• “6. Charity won’t necessarily be there when I’m in need. Sorry, but I don’t buy the argument that if I give my money away, someone else will be there to pick up the tab when I’m in need. I say it’s better to rely on my own cash when I encounter a rainy day.”

    Interesting point.

    However, from what I’ve seen in Michigan, families and individuals who hit a tight financial spot will need a combination of financial resources and tricks to get through the situation. Charity is just one piece of the recovery plan; ditto on that emergency fund.

  • Joan of ArcWelding

    I can see both sides of the issue, here. Certain forms of misguided charity foster dependency, while others require self-reliance. (For instance, the distinctly Christian charity Habitat for Humanity requires sweat equity from everyone they help. As a result, the houses built are well-tended, as the client has a lot of emotional “skin in the game”.) Have you considered a mid-way path: giving $25 or so to a reputable micro-loan provider (someone like Kiva)? The whole idea here is to give someone at baseline poverty-level a loan to expand their business. Your loan is repaid, you get the money back to keep or reinvest, and the beneficiary gets that much closer to a business that will lift others out of poverty as well.

  • Although I give to charity, I see some of your points as well. I don’t like it when I feel like I’m being extorted, especially by the guys that stop cars in the street! ;)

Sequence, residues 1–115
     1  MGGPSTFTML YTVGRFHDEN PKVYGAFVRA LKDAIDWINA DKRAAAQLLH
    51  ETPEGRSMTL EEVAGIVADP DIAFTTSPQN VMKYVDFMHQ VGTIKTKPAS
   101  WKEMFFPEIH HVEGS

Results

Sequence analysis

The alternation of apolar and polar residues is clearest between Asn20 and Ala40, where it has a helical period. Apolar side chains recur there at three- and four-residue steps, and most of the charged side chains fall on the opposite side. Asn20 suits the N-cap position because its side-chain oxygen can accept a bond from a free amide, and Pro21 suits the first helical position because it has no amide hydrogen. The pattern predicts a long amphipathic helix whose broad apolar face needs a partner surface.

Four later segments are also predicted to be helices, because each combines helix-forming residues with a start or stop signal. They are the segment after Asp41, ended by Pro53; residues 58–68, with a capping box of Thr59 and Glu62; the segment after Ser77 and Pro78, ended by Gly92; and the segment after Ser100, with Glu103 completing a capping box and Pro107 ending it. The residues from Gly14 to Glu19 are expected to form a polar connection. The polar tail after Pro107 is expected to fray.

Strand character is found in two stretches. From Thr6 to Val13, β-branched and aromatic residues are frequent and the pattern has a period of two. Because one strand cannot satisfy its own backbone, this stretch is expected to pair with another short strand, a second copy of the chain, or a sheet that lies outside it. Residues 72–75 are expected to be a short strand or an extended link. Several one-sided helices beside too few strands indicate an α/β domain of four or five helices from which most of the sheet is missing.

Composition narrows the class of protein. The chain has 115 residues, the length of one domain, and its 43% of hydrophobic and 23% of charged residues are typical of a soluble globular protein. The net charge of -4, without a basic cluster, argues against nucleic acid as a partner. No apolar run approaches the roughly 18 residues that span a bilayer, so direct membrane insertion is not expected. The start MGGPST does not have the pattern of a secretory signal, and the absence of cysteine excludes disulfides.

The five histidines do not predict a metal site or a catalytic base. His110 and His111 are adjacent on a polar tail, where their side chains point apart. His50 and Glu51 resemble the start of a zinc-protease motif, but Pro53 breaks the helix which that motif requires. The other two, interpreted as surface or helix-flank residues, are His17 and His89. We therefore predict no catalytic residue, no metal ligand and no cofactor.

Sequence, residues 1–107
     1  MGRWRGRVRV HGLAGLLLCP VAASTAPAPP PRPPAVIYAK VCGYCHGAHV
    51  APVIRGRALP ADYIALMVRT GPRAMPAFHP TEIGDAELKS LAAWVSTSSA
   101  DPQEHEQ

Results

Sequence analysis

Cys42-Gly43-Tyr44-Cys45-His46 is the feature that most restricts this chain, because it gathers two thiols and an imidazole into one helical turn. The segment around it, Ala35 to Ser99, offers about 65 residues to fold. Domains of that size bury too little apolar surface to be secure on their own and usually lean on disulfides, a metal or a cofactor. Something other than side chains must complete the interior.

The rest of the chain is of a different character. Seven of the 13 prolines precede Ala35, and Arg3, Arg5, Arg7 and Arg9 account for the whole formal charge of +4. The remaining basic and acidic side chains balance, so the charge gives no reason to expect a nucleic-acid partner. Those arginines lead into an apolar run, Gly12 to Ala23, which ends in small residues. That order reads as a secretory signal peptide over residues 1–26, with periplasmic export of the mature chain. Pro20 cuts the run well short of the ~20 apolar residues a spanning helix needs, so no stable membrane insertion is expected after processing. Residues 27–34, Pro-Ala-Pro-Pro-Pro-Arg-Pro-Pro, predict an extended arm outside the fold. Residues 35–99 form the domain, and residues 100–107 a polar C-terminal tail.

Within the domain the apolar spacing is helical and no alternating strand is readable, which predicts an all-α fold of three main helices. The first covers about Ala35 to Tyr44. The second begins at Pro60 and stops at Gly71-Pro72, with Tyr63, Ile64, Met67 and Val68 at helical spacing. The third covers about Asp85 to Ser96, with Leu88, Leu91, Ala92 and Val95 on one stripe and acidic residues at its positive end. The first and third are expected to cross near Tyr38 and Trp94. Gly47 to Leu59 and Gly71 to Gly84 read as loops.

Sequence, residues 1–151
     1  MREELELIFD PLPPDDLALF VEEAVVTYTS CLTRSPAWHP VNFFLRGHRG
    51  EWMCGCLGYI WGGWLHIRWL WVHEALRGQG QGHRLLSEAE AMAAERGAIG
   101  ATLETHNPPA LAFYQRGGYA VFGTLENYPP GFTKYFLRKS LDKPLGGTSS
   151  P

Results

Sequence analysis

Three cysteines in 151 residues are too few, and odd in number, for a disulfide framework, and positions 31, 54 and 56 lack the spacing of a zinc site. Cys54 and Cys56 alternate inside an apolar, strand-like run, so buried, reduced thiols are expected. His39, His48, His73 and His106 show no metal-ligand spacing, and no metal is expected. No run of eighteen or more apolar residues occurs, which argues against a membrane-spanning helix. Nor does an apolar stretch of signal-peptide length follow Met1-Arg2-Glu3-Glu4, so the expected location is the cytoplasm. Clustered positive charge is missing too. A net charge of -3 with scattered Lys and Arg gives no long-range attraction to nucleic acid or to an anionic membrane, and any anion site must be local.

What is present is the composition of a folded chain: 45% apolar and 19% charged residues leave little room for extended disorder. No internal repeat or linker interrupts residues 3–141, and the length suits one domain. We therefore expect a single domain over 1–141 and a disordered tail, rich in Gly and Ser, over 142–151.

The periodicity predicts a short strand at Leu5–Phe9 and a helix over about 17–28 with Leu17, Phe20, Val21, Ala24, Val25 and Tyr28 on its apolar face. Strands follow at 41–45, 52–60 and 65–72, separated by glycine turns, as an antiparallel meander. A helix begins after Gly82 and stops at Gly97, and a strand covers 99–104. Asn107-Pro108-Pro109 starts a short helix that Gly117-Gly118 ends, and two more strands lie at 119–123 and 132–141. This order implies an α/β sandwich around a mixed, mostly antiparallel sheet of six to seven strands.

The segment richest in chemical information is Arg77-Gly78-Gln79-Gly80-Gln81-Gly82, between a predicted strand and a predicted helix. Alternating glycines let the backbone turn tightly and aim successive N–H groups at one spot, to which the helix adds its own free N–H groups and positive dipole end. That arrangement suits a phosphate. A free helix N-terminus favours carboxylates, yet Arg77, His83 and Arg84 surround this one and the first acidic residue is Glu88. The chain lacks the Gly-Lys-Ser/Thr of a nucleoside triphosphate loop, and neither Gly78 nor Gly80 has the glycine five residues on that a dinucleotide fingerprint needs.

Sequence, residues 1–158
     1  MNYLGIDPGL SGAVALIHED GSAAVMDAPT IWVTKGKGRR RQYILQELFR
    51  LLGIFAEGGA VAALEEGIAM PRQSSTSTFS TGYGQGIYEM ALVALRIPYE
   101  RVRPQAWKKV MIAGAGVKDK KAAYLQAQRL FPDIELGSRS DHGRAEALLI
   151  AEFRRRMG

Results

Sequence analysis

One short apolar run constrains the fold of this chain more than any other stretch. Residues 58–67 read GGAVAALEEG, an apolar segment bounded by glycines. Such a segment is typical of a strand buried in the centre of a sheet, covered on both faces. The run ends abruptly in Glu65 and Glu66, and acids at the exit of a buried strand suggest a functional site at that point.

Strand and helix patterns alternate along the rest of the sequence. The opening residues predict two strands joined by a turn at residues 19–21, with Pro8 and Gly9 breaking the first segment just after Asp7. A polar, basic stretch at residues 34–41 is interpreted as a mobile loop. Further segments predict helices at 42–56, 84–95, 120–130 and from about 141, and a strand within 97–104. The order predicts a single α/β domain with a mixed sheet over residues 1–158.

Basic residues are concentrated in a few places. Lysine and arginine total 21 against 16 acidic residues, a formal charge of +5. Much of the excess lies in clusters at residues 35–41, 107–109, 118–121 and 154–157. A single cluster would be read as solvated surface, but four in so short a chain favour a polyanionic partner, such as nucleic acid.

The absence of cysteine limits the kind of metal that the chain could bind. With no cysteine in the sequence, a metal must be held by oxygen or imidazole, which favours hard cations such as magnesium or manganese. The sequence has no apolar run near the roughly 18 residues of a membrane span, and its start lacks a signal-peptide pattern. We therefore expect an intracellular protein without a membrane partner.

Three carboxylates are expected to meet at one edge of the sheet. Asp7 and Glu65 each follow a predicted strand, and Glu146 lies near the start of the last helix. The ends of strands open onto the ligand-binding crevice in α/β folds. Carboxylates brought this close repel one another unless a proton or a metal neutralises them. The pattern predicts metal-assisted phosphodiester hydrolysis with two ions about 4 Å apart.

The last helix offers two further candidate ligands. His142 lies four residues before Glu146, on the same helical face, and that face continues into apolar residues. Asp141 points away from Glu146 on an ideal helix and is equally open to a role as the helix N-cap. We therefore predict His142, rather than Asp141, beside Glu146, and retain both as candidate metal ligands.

• I think that a lot more of our tax money goes towards defense and roads than it does towards welfare programs.

    http://www.wallstats.com/deathandtaxes/

    I also think that single mom’s who have 4 kids are probably not thinking “Let me have another one since I can get free clothes for them.” I doubt that particular mom is thinking too logically at all. Meanwhile, the kids suffer and grow up to make similar mistakes to their parents.

    Education for these moms would probably do more to change their behavior than simply taking services away from their kids would.

    • Ebenezer

      That link is totally misleading and only tabulates “discretionary spending”. Defense spending actually makes up only 18.74% of the total budget http://en.wikipedia.org/wiki/File:Fy2010_spending_by_category.jpg

      The largest contributors: social security, unemployment/welfare, medicare, medicaid are charity because they pay others and I will get little or nothing in return. Many of the other items in the budget (HHS, HUD, Dept of Education, Dept of Agriculture,…) focus much of their budgets on giving away money to others aswell.

      • Retired

        I will admit that Social Security and Medicare are large parts of the federal budget. However, millions of people, including me, have each paid MANY thousands of dollars in taxes earmarked specifically for these two MANDATORY programs. I definitely EARNED my Social Security and Medicare benefits.

  • Mike

    I am horrified by this article. I personally strive to give my full tithe and have yet to do it fully.